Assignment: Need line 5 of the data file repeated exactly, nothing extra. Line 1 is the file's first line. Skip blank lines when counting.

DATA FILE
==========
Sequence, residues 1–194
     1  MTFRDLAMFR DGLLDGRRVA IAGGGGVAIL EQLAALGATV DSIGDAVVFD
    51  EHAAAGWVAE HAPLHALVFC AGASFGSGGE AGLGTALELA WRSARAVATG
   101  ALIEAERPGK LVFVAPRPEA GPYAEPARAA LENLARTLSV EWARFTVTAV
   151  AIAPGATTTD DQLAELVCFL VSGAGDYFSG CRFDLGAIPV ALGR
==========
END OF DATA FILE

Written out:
   151  AIAPGATTTD DQLAELVCFL VSGAGDYFSG CRFDLGAIPV ALGR